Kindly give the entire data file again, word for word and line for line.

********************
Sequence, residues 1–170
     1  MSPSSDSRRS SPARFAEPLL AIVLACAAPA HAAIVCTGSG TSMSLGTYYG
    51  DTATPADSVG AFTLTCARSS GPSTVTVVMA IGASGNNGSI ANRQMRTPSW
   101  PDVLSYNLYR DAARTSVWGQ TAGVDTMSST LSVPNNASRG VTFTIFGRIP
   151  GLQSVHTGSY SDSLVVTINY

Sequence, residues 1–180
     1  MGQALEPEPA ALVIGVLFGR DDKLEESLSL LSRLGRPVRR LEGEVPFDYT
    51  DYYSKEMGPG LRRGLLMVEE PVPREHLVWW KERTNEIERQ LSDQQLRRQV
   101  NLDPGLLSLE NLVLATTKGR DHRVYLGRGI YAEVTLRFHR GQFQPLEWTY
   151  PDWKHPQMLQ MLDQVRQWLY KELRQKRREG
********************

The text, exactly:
Sequence, residues 1–170
     1  MSPSSDSRRS SPARFAEPLL AIVLACAAPA HAAIVCTGSG TSMSLGTYYG
    51  DTATPADSVG AFTLTCARSS GPSTVTVVMA IGASGNNGSI ANRQMRTPSW
   101  PDVLSYNLYR DAARTSVWGQ TAGVDTMSST LSVPNNASRG VTFTIFGRIP
   151  GLQSVHTGSY SDSLVVTINY

Sequence, residues 1–180
     1  MGQALEPEPA ALVIGVLFGR DDKLEESLSL LSRLGRPVRR LEGEVPFDYT
    51  DYYSKEMGPG LRRGLLMVEE PVPREHLVWW KERTNEIERQ LSDQQLRRQV
   101  NLDPGLLSLE NLVLATTKGR DHRVYLGRGI YAEVTLRFHR GQFQPLEWTY
   151  PDWKHPQMLQ MLDQVRQWLY KELRQKRREG